Janet Reno has died. President Bill Clinton’s attorney-general.
Her obituary in the Washington Post provides comic relief in a time of acute anxiety on the eve of the presidential election that will decide the suicide or survival of Western civilization.
Now as we discuss the obit, please don’t let’s lose sight of what the Democratic Party claims it is all about. Compassion, isn’ it? Championing underdogs – they being Women (poor pathetic creatures), Blacks (picture the victims of the KKK – Oh no, wait! the KKK were all Democrats), illegal immigrants and convicted criminals (both of which classes of persons are universally assumed to be staunch supporters of the Democrats without this being considered any cause for embarrassment).
Janet Reno, the strong-minded Florida prosecutor tapped by Bill Clinton to become the country’s first female U.S. attorney general, and who shaped the U.S. government’s responses to the largest legal crises of the 1990s, died Nov. 7 at her home in Miami. She was 78.
“Strong-minded”? That’s nice. (I’m strong-minded; you have to get your way; she’s an obstinate martinet.)
Ms. Reno brought a fierce independence to her job.
Have you noticed how people described as “independent” are always said to be “fiercely” so by sloppy writers? Well, in the case of Reno, it may be the right adverb after all.
Now it starts getting rich.
Her supporters believed she brought a heightened level of integrity and professionalism to the attorney general’s office. They admired her insistence on legal exactitude from her employees and praised her caution in prosecutions.
For these alleged qualities, then, she is praised: integrity, legal exactitude, and caution.
“She was a very powerful force for lawfulness,” said Walter E. Dellinger III, a Duke University law professor who served as solicitor general during Ms. Reno’s tenure. “She was always challenging to make sure there was a sound legal basis for what people were doing. And she was adamant about separating the department from politics.”
Was she then universally admired? No.
Business leaders criticized her lengthy prosecution of Microsoft on charges of anti-competitive violations — a case that ultimately ended in a settlement under the George W. Bush administration.
Reno’s DOJ hounded Microsoft as envious competitors tried to bring government in to hobble the company. (See here and here. And this is from the Conclusion of an article in The Independent Review: “It appears that once again the Justice Department is using the antitrust laws to thwart competition by a highly successful American firm. To protect unsuccessful competitors, it is squelching competition.”) The final settlement, reached after an appeal, did not concede the punitive demands of Reno’s DOJ.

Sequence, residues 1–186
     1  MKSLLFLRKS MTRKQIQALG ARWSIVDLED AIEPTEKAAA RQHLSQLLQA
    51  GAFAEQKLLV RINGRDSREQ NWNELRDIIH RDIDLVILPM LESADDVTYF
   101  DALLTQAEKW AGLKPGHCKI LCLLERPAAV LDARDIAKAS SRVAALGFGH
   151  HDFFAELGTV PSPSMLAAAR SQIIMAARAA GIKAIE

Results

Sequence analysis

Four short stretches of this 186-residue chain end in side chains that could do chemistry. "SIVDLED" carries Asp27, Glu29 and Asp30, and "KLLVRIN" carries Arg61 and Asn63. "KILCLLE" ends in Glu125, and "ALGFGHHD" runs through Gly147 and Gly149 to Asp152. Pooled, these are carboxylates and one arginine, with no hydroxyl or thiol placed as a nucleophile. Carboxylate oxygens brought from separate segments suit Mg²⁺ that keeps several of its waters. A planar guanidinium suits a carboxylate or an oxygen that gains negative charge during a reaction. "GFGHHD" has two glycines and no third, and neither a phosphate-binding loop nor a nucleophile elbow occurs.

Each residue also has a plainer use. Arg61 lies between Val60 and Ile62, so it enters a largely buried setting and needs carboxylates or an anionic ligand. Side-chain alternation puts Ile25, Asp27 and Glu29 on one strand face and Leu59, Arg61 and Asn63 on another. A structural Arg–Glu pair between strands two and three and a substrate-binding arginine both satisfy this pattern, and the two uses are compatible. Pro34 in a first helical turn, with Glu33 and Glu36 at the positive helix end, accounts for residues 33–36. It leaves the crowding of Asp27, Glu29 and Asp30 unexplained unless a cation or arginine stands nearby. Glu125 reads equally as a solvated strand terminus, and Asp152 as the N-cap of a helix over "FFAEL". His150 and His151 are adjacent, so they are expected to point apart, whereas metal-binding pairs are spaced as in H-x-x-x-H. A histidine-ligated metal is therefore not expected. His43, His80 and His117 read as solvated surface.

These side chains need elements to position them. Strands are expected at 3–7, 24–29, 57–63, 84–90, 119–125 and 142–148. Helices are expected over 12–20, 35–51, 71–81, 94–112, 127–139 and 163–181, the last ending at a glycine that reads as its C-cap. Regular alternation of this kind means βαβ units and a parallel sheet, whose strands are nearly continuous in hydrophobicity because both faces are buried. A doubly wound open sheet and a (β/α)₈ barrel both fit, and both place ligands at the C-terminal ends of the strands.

That was a case that may illustrate her fierceness, but is integrity demonstrated by relentlessness?
What of her “legal exactitude”.
Civil libertarians took Ms. Reno to task for her handling of the espionage case against former Los Alamos National Laboratory scientist Wen Ho Lee, who was held in solitary confinement for nine months after being charged with mishandling nuclear secrets, only to be released on a lesser charge. Even Clinton said he was troubled by the case; Ms. Reno refused to apologize.
It’s beginning to look as if “integrity” as applied to Janet Reno is a euphemism for “obstinacy”, and “legal exactitude” for “authoritarian”.
Republicans criticized her bitterly for pandering to the Clinton White House — she refused, for instance, to launch an independent investigation into whether Vice President Al Gore illegally fundraised from the White House during the 1996 Clinton-Gore reelection campaign. …
Ms. Reno remained in office longer than any other attorney general of the 20th century, and won high marks outside the capital for her plain-spoken manner and folksiness: her preference for kayaking on the Potomac River to hobnobbing on Washington’s cocktail circuit; her oft-told childhood stories from the Everglades, with a mother who wrestled alligators; and her home in Florida with a family of peacocks, all named Horace.
More euphemisms? “Plain-spoken manner” for “aggressive tactlessness”? “Oft-told … ” meaning she was a bore?
A self-described “awkward old maid” who stood nearly 6-foot-2, Ms. Reno … had no children …
… drew praise from Marian Wright Edelman, president of the Children’s Defense Fund and a friend of Hillary Clinton. Edelman reportedly admired Ms. Reno’s aggressive prosecution of child abusers and child-support cases. …
Protecting children would remain a focus of Ms. Reno’s career. …
Let’s keep that in mind. Also that the obituarist notes her “reaching out to black and Latino residents”.
All in line with Democratic Party ideology.
But now we come to the hub of the story of Janet Reno.
Within a month of her appointment, Ms. Reno confronted a case that colleagues said would define the rest of her career: the standoff with followers of self-proclaimed prophet David Koresh at the Branch Davidian compound near Waco, Tex.